That’s likely to change in junior high, when young people start feeling everything, and writing can be a good way to help sort those feelings out. Given that a 7th or 8th graders knows how to write complete sentences and logical paragraphs (and I know that can’t always be assumed), the focus here is learning how to write effectively. My four basic principles of effective writing are these:
- Use personal experience. A creative writing assignment (as opposed to an expository one) should be based on what the student knows, what she has experienced, or what she can relate to. Don’t ask for her thoughts on family relationships in the abstract before she’s had a chance to write a description of her own grandmother.
- Keep it focused. Generalization is death! Most kids will need a little help with this before they start writing, so talk about what the focus should be and how to maintain it. For instance, expound on one aspect of your favorite movie; write about the one experience of summer vacation that you remember most vividly; explore one quality of your best friend that you appreciate. A bit of summary writing will be needed for context, but should take up no more than a paragraph or two. And for the rest of the assignment?
- Be specific! Use telling details, dialogue, sensory impressions to create a picture. I’ve found it helpful with beginning writers to make a list of guidelines to go along with an assignment. If he’s describing a place, ask him to include an indication of the time of day and season of the year; describe a smell associated with this place; show one or two activities going on, etc. This may seem confining, but it isn’t. It helps him maintain the focus and gives him tangible goals.
- Finally, teach revision, because no writer writes it right the first time. Learning to evaluate and rewrite is just as important as learning how to write in the first place—in fact, revision can’t be separated from the process.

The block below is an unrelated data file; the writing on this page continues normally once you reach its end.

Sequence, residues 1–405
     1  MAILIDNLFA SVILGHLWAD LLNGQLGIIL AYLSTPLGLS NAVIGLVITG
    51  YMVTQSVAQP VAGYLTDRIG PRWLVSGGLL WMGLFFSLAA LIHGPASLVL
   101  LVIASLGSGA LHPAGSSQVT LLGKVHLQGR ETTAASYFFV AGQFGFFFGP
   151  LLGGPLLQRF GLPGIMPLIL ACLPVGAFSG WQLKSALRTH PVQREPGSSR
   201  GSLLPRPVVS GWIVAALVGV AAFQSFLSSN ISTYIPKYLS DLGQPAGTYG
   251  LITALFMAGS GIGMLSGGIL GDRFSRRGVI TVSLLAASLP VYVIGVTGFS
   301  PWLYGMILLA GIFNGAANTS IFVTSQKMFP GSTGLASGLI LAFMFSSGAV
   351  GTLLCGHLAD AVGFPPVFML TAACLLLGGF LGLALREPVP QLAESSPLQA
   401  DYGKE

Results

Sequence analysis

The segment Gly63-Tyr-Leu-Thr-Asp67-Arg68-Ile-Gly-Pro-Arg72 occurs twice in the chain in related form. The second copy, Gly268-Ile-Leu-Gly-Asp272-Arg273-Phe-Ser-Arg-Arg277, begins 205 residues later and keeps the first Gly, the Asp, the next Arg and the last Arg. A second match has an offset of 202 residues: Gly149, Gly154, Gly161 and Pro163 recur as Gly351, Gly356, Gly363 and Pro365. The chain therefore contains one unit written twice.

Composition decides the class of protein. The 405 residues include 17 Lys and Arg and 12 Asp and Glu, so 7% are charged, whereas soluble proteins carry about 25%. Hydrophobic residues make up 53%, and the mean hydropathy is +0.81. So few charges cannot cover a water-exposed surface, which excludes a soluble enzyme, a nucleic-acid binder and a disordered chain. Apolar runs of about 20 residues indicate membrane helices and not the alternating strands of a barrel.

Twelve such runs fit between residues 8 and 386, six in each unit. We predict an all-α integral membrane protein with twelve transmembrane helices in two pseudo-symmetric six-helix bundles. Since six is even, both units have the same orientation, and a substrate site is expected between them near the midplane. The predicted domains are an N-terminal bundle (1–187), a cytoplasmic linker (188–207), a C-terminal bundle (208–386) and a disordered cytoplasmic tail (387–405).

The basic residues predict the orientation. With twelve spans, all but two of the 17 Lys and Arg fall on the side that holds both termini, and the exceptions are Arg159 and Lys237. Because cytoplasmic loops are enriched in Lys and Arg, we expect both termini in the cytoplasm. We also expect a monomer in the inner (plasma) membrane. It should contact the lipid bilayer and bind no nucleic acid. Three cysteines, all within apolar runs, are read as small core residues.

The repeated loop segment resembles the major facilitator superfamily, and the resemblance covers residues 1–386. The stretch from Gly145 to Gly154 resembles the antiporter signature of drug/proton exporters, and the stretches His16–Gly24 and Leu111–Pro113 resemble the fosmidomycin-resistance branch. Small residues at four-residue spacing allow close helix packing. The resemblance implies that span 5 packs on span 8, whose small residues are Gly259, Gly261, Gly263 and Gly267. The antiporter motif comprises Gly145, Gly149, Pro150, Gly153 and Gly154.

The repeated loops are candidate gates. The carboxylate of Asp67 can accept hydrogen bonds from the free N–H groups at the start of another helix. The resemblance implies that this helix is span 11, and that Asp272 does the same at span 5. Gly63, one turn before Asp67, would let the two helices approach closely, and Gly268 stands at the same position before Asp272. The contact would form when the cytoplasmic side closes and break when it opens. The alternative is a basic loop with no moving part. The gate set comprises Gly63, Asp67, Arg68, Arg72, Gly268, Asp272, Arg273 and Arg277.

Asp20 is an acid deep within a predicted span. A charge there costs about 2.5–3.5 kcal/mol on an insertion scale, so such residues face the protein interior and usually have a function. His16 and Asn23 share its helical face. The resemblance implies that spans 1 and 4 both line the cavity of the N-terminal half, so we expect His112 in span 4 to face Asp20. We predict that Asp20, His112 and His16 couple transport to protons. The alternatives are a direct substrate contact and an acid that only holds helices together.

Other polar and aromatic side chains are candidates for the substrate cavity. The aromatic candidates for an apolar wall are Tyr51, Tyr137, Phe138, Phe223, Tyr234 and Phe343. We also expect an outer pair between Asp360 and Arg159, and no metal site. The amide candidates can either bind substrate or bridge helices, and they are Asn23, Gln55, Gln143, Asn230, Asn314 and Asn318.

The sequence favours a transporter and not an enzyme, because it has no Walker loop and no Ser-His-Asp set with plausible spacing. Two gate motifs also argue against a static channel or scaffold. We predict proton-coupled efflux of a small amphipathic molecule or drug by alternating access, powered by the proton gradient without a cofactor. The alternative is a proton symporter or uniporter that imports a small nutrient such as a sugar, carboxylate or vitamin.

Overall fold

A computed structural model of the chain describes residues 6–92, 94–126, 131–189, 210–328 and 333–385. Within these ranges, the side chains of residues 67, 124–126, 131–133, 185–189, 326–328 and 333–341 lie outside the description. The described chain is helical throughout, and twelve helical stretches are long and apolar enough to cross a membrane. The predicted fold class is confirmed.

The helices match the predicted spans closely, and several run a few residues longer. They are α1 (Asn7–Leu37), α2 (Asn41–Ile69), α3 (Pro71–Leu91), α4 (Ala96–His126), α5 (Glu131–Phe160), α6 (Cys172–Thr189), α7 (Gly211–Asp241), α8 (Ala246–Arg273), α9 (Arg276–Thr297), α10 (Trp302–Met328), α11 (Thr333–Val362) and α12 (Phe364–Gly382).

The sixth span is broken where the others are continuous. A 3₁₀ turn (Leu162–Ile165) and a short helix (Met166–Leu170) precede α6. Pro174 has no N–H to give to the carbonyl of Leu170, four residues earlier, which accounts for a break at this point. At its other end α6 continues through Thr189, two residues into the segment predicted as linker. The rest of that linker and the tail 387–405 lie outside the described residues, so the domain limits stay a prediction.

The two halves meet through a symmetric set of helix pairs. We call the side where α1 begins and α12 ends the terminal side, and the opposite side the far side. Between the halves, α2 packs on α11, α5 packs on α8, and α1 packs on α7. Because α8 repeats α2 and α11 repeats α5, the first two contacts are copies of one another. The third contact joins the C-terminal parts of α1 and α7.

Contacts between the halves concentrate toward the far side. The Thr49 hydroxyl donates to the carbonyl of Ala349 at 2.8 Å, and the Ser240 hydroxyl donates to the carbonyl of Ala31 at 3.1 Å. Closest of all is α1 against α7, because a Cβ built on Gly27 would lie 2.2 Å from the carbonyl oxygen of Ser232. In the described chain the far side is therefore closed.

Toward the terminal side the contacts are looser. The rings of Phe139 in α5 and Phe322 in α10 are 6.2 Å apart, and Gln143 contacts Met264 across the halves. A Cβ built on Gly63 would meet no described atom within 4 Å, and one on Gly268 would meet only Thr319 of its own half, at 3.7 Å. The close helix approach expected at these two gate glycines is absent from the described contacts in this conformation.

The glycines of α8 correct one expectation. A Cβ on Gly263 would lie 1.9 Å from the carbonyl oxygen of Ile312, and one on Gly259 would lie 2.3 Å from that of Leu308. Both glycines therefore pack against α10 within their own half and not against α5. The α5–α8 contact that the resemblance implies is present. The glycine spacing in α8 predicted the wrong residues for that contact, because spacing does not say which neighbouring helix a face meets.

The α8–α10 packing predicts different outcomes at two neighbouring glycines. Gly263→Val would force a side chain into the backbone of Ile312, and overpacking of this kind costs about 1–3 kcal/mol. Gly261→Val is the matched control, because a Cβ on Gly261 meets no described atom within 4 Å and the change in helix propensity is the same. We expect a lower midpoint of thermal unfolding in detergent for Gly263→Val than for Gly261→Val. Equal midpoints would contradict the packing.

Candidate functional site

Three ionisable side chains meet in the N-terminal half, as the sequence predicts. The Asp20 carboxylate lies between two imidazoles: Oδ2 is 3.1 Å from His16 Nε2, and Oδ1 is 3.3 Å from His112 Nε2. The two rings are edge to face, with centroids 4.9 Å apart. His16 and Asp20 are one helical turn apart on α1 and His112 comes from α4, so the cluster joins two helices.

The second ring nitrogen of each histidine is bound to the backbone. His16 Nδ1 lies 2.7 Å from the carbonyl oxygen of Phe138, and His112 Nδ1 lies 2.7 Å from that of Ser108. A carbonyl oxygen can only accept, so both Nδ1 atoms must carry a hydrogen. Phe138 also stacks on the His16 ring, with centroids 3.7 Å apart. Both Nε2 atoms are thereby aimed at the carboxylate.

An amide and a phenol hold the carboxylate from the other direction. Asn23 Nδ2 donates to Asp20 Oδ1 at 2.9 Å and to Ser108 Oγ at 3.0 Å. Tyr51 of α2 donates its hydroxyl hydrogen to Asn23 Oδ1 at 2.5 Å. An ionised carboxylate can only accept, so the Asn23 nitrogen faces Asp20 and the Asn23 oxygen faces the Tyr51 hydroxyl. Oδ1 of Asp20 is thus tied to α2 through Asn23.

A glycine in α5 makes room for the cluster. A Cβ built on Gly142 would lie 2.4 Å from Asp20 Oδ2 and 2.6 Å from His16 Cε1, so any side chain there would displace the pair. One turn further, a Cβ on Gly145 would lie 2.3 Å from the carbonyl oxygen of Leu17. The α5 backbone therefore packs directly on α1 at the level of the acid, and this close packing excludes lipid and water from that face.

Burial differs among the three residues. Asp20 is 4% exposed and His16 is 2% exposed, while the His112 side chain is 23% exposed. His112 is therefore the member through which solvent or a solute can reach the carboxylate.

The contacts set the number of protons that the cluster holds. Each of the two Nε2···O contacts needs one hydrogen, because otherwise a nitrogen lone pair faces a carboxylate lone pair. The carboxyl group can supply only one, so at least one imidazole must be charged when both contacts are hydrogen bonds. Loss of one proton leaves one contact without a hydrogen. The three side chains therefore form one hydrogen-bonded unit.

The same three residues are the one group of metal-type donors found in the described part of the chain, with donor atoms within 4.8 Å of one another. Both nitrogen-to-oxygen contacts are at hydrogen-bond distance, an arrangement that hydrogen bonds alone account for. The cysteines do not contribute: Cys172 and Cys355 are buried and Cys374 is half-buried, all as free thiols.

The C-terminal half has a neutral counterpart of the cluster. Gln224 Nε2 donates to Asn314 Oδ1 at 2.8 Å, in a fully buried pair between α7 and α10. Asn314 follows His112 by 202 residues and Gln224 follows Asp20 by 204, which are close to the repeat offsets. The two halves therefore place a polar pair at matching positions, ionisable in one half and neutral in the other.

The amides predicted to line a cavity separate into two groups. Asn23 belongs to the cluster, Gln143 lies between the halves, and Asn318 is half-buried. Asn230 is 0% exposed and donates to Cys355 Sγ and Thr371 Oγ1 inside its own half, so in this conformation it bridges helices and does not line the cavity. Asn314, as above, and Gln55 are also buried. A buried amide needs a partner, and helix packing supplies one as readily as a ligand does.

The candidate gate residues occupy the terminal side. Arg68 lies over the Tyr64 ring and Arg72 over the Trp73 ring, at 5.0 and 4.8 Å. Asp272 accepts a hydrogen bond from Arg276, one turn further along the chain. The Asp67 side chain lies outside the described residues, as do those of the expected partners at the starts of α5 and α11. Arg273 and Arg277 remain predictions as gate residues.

What about resources and programs? That depends on the kind of learners you have, and the kind of teacher you are. Workbooks, free-writing, story starters, cooperative writing (such as writing a newsletter together), and outlining can all work if the student’s minds are wired that way. Any good program, whatever the approach, should do two things: stress the above four principles, and relate grammar and mechanics to actual writing. My problem with a lot of workbooks is that students fail to see that that the lesson on “they’re, there, and their” has anything to do with, you know, composition. My own children could get all the exercises correct and still write, “We were to tired two walk the to miles too the park” in a journal entry. I eventually ditched the workbooks. Instead, we learned about grammar by studying another language (Latin, which helped them appreciate English), spelling by keeping a personal spelling notebook, syntax by learning to diagram and rewrite sentences, and composition by practice. Maybe good writing genes run in our family, but they still had to learn it, and reading formed a rock-solid foundation.
I’ve posted several writing tips on my website to address some specifics of good writing, such as “Show don’t tell,” writing a thesis sentence, finding your focus, etc. Go here for a list.
OKAY, okay, if you insist: My philosophy about teaching composition and my approach to it are captured in a series of—I’ll have to admit it–workbooks: Wordsmith Apprentice (an introduction for 4th-5th graders), Wordsmith: a Creative Writing Course for Young People (the four basic principles, for 6th-8th graders), and Wordsmith Craftsman (practical writing and essays, for high school).